Data Quality in Ruby on Rails

Preserving data quality is always a challenge. Especially in the Ruby on Rails world where products ship fast. It means some compromises are made along the way and often data quality is sacrificed. And when it comes to data - it's better to prevent than cure. Continue reading to see how you can avoid many data problems, at different stages of Rails app development. You will thank me later.

TLDR; developers should undertake different actions to preserve data quality depending on the Rails app phase. Skipping any, leads to significant problems later.

What is data quality and why you should care?

We can define data quality as the reliability of information to serve an intended purpose. How much it fulfills this goal depends on different criteria [1] :

  • accuracy - data is close to reality
  • relevancy - data meets the requirements
  • completeness - there are no missing values, records
  • timeliness - data is up to date
  • consistency - data has the same results in different data sets.

There are complex tools for measuring more data characteristics (e. g. Data Quality Assessment Framework), but that's a completely different topic.

High-quality data benefits in many areas. It helps in better decision-making, planning, improving customer experience, and cost optimization. Good data makes developers' work easier and opens new possibilities, such as using Machine Learning.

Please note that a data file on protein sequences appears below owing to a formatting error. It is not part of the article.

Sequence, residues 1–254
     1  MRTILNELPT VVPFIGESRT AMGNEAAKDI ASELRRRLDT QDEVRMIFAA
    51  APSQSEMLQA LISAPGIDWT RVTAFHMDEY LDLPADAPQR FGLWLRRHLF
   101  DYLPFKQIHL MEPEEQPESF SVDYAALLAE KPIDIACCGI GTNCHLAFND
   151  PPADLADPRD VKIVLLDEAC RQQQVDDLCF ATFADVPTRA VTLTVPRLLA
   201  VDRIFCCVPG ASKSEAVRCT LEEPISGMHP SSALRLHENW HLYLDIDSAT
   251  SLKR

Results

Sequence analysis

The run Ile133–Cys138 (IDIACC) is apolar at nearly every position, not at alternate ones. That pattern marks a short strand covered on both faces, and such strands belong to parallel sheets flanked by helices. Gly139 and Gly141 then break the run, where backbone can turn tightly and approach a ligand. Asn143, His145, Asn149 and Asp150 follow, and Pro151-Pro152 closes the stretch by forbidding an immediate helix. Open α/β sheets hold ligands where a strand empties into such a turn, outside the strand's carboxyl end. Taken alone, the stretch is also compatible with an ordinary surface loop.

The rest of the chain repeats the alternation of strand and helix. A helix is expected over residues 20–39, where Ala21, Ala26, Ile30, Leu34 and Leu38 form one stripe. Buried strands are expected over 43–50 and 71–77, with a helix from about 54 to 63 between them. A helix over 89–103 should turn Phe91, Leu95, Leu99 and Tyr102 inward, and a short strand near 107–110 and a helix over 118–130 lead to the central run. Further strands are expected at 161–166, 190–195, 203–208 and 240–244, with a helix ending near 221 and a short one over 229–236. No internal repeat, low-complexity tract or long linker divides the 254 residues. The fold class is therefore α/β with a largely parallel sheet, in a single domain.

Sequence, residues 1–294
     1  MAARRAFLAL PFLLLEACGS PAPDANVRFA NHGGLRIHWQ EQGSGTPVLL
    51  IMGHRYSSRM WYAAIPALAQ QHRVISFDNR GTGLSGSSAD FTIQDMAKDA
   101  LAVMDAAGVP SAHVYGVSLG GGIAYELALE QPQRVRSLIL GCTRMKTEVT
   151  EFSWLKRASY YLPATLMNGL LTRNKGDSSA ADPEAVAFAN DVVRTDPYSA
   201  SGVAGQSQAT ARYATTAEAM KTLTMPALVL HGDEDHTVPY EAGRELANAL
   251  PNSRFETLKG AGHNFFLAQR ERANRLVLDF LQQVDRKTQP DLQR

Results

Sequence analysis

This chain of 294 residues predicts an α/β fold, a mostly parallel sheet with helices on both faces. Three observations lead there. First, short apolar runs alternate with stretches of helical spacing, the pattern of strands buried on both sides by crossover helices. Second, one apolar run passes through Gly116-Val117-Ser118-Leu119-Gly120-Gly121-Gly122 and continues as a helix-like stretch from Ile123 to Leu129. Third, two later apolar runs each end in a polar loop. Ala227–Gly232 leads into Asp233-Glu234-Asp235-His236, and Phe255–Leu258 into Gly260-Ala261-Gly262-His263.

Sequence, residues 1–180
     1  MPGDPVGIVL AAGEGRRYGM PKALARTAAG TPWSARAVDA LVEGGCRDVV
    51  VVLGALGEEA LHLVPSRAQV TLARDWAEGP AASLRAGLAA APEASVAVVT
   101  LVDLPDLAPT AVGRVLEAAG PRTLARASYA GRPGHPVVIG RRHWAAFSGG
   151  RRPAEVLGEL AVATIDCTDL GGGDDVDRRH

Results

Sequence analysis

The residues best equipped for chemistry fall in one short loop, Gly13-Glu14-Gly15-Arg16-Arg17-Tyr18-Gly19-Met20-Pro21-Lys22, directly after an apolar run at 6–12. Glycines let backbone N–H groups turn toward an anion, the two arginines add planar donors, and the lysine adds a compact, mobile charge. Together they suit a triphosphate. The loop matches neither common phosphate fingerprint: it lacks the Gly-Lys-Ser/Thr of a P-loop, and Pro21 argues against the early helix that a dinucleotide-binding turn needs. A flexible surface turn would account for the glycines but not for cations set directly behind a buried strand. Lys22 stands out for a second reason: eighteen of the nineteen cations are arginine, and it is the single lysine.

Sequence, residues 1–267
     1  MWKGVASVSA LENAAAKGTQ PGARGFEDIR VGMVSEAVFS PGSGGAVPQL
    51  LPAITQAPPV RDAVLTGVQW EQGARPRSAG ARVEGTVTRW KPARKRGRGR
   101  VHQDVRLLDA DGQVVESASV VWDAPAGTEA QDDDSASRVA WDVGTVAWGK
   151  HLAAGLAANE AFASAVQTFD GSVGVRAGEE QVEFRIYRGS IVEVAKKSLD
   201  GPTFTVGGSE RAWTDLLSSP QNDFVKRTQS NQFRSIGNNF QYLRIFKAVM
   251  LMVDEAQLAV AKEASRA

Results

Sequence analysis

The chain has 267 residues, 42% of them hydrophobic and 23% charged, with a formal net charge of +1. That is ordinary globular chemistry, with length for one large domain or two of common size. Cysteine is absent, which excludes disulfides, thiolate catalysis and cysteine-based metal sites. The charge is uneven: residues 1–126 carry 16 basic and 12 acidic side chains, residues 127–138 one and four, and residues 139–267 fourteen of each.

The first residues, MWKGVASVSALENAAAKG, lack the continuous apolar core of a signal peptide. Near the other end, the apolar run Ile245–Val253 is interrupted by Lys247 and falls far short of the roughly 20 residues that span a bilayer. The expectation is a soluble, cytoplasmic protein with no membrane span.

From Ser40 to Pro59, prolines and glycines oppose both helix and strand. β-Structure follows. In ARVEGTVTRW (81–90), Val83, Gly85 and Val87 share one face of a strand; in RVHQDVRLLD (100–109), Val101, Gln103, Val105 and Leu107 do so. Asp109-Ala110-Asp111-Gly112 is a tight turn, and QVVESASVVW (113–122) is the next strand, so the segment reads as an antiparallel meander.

Typical Rails application flow

Let's go back to Rails world. I'd like to use the division introduced by Andrzej Krzywda during the "I love dev" conference. He showed that typical Rails app development can be divided into certain phases [2]. I want to enrich this classification with the data quality aspect and show that depending on the phase, there are different challenges in keeping the right shape of data.

1. Startup

Typical Rails apps start here. The development process is very fast and new features are added from demo to demo meeting.

In this phase, developers don't have much time for writing proper code. Delivering anything that works is usually more important than building a well-designed solution. The prototype doesn't have to be perfect to be shipped and tested against customer expectations. Unfortunately, legacy code written in this phase tends to stay in the codebase forever. This leads to many problems, including data quality flaws.

It's hard to talk about data quality in the Startup phase because there is no data yet. Also, there are no clear expectations for the data. Next month some features may be reworked or completely scrapped. Or, completely new requirements will emerge. This is fine. At this stage, developers should take care of the data coming into the system. Which means:

  • control data input (e. g. format data before saving)
  • add proper validations
  • change data in a consistent way (e. g. using aggregates).

2. Engineering phase

The product behind the app was somehow successful, so there are plans for the next 1-2 years of development. Real clients are using the app and new features are planned according to their feedback. Oftentimes, the development team changes, because expectations are different - stability over deliverability. At this point, the team starts analyzing collected data, and project owners start to be aware of its importance.

This is the crucial phase, sometimes not recognized by the development team used to working in the startup phase. While it is time to stop and take a breath. This is the moment the first serious expectations around data are built - e. g. developers need to add more sophisticated admin tools, reports, or more analytics, etc.

New data still comes to the system but in a more structured way. The question of WHY data look like this becomes equally important to collecting data itself. Thus, developers should try to introduce tools/techniques to help answer this question.